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Student's book offers freshmen tips on college survival You can totally mess up a midterm in college. You can forget your coat at a frat party. You can even date your roommate's old sweetheart, if you're daring. But never, ever, wash your reds with your whites. --Greg Gottesman, Stanford University

STANFORD -- In his freshman year at Stanford University, Greg Gottesman learned about life the hard way.

"The first time I did my laundry, I turned all my underwear pink," he said. "I overdrew my checking account and couldn't deal with my roommate. I was a mess."

Now a junior majoring in political science, Gottesman has organized those experiences into a book, College Survival: A Crash Course for Students by Students (Simon and Schuster, 1991).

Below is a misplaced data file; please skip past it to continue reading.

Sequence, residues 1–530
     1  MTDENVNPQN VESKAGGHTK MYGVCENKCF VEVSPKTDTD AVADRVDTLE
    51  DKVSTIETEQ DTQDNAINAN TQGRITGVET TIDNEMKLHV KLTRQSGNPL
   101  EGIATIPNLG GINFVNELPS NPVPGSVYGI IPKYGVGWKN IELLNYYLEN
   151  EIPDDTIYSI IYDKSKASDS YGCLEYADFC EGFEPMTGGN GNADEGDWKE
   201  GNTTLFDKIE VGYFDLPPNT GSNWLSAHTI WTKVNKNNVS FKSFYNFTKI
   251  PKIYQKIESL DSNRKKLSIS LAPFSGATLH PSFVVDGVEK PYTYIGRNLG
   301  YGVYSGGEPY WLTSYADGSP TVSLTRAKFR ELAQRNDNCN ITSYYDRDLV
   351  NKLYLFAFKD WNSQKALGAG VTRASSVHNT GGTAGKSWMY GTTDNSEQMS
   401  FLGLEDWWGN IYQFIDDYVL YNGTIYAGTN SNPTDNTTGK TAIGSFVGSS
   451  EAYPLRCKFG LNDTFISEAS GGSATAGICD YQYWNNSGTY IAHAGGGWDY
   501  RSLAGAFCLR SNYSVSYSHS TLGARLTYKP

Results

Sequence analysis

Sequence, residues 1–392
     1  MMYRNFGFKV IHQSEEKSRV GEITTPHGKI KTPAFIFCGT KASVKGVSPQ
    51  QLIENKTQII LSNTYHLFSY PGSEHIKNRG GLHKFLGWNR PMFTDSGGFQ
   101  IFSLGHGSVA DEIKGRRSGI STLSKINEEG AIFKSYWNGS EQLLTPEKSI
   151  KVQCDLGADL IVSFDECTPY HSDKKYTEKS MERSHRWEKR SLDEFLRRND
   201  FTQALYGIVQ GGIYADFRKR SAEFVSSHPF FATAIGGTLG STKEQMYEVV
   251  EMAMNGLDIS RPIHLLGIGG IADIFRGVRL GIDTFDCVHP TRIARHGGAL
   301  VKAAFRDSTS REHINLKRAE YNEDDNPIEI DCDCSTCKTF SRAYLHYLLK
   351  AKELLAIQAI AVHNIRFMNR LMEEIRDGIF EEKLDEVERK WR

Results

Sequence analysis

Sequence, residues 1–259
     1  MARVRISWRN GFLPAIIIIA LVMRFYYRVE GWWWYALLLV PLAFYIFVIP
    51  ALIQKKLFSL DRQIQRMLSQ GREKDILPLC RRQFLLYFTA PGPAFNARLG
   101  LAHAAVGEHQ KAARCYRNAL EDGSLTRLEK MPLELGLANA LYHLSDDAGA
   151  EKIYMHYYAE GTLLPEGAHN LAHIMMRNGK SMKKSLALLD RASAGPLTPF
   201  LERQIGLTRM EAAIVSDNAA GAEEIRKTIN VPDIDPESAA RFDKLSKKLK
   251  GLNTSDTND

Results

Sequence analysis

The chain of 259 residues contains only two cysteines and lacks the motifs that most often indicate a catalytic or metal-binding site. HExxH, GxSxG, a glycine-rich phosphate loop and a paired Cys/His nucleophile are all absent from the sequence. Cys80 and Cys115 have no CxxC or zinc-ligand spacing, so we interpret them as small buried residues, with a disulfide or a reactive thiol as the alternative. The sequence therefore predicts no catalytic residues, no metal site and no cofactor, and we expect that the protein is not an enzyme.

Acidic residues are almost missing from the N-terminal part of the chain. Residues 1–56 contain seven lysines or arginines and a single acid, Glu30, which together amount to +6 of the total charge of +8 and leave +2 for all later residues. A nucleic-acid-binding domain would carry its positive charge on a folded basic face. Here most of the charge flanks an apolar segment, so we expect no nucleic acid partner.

College Survival is aimed at the 1.5 million students who will begin college this fall. Now in its second printing, the book includes 24 chapters of practical advice on such subjects as clothing, cars and bicycles, campus safety, choosing classes, time management, athletics and exercise, nutrition, working at school, and dorm life.

A native of Mercer Island, Wash., Gottesman is a straight-A student and former sports editor of the Stanford Daily. Last summer he was a speech writer for the mayor of Seattle, Norman B. Rice.

The idea for College Survival came from his mother, an educational consultant, who noticed a lack of college preparatory books actually written by students.

"You can't have a book about college survival written by someone who graduated around the time of the First Ice Age," said Gottesman, 21. "The fact that this book is written by today's students makes it unique."

Gottesman wrote the book over two summers and now is busy plugging it on television and radio talk shows. Among his tips:

Gottesman's own tips are supplemented by more than 100 anecdotes that he gathered from students at 75 different colleges. The book is illustrated by cartoons drawn by Steven Ojemann, a junior at the University of Washington.



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